We have decided to use an online-reservation system to allow parishioners to sign-up for a specific service. We have hired DeDe Johnson to manage this reservation system, under the supervision of the Rector. There is an expectation of an average attendance per service of fifty or less, but Bishop Fisher might revise this demand after our plan is submitted to him. We have decided to have three services only and not the five services originally proposed. Saturdays at 5:00 pm will cater primarily to families with children under the age of 18. Sundays at 9:00 am will have a specially designated section of the church for those in at-risk categories who wish to come to a church service. The last service will be at 11:00 am. We encourage all of those who are at risk, or think they might be at risk, to continue to worship at home as we have done for the last 8 weeks. These online services will continue in the current format until we are able to live-stream from the church. A technology committee is working on this issue, and we will report on the results of their work very soon. We are thinking about using Rite-II language for these services, but I believe we can do a Rite-I service once or twice a month at 9:00 am, in anticipation of the return of our 7:45 am service in Phase Three.

The cleaning, sanitizing, and disinfecting of the church between services has been one of the most difficult issues to resolve. The initial idea was to hire additional cleaning staff, create checklists of best practices, train on these practices, and supervise the careful compliance with these checklists. This would have created additional administrative tasks for an already busy staff. At the vestry meeting of 5/20/2020 we decided to hire the Paul Davids Company, partly owned by Robbie Organ. They will use “CDC and EPA-registered industrial strength disinfectant products with broad spectrum kill claims to eliminate viruses via electrostatic fogging machines.” The entire process takes about 45 minutes and can easily be done after all services. The chemicals used in these foggers also help keep air-conditioning duct work disinfected in the church. We will also have use of the bathrooms, which will be throroughly cleaned after each use.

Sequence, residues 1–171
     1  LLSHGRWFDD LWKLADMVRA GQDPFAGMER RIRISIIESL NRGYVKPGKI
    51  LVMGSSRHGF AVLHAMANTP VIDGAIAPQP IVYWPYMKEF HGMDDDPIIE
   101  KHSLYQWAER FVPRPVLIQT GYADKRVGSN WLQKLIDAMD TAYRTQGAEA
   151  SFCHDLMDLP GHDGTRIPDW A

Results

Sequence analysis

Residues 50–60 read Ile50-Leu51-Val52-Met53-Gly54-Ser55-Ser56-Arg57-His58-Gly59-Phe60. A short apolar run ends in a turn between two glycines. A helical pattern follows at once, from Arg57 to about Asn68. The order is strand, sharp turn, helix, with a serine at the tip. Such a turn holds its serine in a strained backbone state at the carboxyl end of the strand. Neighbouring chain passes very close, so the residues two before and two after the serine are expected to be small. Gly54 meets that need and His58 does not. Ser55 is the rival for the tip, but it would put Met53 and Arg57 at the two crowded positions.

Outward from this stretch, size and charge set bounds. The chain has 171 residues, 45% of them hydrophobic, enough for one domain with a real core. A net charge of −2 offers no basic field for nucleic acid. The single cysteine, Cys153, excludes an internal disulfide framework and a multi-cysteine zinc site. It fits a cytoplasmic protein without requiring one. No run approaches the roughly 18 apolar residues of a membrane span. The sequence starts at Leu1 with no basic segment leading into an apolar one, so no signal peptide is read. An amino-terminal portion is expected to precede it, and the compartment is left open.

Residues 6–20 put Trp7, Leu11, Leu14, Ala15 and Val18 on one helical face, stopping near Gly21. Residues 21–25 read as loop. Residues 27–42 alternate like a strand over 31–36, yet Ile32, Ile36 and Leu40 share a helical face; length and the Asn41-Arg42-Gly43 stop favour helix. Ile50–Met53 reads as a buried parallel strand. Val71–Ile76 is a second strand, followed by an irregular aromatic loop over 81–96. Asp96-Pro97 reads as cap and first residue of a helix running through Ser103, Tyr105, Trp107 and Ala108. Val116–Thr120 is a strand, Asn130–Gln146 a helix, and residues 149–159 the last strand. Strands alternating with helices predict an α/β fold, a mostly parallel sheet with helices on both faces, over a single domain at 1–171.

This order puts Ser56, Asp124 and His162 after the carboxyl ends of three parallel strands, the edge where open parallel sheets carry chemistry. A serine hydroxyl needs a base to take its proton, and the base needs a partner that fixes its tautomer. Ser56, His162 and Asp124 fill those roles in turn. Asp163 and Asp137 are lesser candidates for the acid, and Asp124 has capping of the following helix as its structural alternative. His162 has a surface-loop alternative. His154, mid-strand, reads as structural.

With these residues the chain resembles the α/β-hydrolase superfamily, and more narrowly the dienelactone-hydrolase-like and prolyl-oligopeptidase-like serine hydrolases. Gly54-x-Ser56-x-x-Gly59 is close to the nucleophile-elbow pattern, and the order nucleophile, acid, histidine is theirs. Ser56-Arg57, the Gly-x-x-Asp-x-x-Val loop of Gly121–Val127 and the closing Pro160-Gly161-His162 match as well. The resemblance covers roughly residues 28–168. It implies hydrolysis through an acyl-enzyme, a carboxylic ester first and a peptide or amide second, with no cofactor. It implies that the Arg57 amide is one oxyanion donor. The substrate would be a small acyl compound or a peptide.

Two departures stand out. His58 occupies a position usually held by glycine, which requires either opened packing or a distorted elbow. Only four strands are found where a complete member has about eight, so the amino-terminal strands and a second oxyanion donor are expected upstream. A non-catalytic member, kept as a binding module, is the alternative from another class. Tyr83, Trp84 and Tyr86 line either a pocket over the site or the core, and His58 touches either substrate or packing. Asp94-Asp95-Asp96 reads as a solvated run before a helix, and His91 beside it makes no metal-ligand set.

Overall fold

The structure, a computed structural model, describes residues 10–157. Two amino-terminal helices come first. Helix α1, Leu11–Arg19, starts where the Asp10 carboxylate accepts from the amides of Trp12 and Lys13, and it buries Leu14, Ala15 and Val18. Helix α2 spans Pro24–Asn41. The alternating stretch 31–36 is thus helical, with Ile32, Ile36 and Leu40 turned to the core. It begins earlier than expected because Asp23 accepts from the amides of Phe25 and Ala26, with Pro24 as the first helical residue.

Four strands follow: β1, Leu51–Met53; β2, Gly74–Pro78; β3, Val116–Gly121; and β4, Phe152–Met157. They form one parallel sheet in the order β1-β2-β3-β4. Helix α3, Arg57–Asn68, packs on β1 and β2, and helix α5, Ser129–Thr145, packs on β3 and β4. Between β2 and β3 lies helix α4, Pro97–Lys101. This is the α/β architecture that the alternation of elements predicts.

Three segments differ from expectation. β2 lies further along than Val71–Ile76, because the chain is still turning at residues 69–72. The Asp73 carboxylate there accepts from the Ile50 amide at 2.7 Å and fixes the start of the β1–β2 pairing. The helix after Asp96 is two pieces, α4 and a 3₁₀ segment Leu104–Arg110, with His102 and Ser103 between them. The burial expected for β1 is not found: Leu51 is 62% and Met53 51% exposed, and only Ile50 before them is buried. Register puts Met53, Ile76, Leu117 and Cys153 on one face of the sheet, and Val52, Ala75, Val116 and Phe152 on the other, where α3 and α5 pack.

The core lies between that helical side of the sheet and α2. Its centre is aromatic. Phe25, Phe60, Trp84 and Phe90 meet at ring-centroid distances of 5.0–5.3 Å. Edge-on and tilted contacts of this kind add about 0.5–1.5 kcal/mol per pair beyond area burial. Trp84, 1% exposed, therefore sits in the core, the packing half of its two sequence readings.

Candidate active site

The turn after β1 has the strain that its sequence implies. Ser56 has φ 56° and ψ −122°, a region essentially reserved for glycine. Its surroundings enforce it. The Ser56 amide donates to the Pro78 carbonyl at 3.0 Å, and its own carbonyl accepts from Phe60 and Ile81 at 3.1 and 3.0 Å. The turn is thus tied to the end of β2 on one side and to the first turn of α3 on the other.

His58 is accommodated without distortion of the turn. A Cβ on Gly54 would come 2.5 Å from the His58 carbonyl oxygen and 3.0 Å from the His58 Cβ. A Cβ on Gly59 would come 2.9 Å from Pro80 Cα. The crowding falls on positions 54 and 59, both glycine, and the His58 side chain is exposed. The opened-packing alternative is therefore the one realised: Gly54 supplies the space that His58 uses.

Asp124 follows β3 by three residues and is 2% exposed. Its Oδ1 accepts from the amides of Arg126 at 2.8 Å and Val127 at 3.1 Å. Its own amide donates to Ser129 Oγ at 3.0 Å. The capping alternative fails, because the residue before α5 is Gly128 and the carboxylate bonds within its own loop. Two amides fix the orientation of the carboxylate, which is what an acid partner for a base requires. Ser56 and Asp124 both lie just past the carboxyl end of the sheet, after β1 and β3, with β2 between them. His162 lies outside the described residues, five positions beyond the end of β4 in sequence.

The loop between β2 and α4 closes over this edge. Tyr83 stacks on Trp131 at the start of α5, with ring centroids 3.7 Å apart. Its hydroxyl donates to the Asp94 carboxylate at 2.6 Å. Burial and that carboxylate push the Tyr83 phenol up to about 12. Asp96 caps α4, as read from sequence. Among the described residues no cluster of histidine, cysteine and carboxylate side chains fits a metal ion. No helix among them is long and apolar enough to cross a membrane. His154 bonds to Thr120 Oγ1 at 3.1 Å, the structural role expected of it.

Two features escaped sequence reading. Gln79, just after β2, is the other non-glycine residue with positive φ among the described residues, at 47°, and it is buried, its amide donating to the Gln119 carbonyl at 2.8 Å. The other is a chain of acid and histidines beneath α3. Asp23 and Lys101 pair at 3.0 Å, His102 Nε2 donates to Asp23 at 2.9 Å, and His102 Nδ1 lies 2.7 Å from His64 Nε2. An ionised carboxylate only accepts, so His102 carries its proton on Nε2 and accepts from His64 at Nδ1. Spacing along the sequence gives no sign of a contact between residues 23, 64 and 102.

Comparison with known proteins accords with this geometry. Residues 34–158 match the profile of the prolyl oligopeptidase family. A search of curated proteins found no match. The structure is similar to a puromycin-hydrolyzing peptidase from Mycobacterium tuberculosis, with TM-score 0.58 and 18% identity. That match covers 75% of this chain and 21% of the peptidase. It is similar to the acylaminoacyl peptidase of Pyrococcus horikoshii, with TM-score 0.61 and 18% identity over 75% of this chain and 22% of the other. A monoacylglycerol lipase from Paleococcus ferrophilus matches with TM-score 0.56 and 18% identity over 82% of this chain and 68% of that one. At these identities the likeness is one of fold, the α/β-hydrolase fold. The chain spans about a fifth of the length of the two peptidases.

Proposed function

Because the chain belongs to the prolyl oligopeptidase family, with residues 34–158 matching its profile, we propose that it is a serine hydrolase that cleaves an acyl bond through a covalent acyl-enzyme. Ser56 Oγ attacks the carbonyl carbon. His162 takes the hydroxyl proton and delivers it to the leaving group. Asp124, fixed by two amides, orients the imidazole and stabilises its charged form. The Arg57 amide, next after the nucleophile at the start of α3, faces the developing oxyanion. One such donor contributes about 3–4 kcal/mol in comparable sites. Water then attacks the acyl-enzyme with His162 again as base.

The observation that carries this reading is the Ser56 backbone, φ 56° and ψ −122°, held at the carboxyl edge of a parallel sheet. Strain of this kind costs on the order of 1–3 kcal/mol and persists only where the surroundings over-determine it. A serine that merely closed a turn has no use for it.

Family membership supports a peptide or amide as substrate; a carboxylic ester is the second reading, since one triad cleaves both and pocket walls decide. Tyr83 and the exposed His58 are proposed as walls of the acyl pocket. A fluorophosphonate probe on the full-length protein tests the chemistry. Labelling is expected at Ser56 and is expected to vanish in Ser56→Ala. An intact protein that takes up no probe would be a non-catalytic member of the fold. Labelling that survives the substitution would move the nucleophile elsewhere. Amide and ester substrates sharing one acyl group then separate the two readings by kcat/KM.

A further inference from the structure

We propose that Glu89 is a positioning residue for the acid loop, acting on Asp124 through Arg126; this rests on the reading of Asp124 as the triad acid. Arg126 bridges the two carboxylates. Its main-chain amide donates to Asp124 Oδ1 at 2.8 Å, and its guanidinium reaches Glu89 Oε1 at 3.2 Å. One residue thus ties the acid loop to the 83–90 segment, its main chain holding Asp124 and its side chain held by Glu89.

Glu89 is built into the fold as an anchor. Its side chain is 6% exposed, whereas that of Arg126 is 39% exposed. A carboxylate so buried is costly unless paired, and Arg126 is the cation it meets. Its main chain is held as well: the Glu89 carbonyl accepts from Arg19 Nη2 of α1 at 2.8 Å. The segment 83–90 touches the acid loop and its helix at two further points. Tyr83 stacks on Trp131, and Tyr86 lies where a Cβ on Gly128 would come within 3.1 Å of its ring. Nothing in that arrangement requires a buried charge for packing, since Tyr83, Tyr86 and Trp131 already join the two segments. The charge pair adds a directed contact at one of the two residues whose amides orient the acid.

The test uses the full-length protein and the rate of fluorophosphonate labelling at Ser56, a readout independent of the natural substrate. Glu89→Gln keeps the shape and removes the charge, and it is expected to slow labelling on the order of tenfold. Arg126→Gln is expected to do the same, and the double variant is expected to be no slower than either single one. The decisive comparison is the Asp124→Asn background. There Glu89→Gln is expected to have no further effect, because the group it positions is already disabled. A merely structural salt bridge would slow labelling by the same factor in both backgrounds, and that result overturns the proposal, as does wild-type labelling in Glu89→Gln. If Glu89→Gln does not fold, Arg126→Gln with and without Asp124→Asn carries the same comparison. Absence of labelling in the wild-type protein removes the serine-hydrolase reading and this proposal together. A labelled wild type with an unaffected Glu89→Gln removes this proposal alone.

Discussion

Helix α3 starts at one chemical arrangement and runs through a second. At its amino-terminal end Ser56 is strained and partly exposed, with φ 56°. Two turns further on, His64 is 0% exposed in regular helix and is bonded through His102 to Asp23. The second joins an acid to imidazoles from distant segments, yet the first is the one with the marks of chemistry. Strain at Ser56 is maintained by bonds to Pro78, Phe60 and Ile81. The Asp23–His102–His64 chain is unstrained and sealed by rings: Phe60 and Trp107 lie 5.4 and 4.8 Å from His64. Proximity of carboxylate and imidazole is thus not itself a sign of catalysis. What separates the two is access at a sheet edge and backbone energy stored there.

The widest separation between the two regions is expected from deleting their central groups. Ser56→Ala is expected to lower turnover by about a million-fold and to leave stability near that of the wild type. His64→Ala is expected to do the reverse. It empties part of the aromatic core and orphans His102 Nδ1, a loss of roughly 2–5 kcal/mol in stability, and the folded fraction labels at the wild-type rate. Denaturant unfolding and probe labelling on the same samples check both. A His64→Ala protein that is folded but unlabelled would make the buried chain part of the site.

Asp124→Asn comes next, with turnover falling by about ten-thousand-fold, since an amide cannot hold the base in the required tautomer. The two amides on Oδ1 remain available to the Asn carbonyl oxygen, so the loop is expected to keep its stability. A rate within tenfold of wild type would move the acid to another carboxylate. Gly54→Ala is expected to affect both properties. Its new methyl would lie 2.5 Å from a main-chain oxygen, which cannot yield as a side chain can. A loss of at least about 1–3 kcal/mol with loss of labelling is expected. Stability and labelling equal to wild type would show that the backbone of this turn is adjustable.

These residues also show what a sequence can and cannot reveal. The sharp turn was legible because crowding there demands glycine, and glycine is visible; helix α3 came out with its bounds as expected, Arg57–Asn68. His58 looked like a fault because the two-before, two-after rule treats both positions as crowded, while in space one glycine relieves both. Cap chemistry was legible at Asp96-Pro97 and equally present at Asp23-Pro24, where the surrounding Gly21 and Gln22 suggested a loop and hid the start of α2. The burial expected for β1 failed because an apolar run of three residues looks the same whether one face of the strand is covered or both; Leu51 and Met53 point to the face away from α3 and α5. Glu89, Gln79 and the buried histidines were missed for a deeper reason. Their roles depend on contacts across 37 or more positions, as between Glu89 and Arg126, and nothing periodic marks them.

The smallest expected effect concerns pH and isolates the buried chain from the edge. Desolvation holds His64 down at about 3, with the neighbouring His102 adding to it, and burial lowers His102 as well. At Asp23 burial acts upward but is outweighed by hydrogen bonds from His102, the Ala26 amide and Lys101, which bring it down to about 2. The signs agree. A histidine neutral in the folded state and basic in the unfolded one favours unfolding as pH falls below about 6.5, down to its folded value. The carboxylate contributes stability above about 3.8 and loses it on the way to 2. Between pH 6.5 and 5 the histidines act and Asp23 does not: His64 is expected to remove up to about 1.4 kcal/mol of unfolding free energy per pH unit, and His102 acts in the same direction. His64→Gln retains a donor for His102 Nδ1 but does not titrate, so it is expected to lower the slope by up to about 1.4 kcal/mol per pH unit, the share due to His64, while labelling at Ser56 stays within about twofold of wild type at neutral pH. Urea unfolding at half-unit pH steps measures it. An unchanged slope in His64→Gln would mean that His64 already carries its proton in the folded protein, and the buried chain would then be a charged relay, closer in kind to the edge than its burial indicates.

We have decided to do Holy Communion using a single line at the center isle, which will be clearly marked at six-foot intervals. Please wear your masks coming down the isle. You will come to a marked landing, at the base of the Altar steps. At that point, please stretch your hands to receive the communion from the priest. Bring your young children with you in one group. The priest will give you the communion for yourself and the children, and you will move either to the left or to the right about six feet to the next landing. You will then lower your mask, commune yourself and your children, place the mask back on, and continue walking back to your pews. If you are unable to walk down the isle, raise your hand at the end of communion and a Eucharistic minister will commune you from the empty pew in front of you. A brief video of how communion will work will be produced and distributed soon.
 
For the duration of Phase Two we discourage physical shows of affection, like hugging, shaking of hands, or kissing for anyone not in your family group. Remember that we will not have a recession line, coffee hour, or live Sunday school. All of our Zoom classes will continue until we enter Phase Three. There will be no books of any type in church, as recommended by medical personnel. We are exploring ways of creating a digital bulletin for all to follow. More about this soon.
 
Please join me in expressing our gratitude to our Regathering committee for all their careful work and deliberations over the last few weeks. Finally, the implementation of this plan will be costly, but necessary. If you are in a position to make a special contribution towards technology expenses or cleaning, please prayerfully consider doing so now.

Blessings to you and yours,

Fr. Roman+
All updates can be found at: http://saintdunstans.org/covid-19-updates/